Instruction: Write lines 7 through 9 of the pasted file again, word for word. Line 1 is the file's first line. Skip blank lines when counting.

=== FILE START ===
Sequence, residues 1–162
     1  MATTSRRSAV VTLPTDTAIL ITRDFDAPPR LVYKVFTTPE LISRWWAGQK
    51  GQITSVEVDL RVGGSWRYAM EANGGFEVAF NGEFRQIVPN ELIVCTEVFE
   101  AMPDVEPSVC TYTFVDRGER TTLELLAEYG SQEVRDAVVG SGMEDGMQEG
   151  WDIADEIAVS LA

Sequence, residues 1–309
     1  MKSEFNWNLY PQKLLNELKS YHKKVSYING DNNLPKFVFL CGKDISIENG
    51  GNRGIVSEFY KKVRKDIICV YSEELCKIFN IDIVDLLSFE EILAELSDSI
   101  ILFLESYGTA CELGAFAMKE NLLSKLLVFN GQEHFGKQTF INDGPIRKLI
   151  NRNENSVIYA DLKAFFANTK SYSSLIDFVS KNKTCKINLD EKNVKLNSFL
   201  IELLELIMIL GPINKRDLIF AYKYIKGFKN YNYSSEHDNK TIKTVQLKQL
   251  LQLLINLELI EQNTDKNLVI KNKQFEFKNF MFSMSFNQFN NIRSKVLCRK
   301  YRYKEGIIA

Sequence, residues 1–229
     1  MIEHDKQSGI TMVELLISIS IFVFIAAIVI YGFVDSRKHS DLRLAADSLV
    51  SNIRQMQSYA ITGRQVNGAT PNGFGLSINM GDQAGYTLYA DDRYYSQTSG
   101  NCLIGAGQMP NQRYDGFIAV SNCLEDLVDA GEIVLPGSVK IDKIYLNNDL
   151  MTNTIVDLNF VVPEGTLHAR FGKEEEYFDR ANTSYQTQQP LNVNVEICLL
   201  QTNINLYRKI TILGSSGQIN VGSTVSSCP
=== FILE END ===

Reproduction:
     1  MKSEFNWNLY PQKLLNELKS YHKKVSYING DNNLPKFVFL CGKDISIENG
    51  GNRGIVSEFY KKVRKDIICV YSEELCKIFN IDIVDLLSFE EILAELSDSI
   101  ILFLESYGTA CELGAFAMKE NLLSKLLVFN GQEHFGKQTF INDGPIRKLI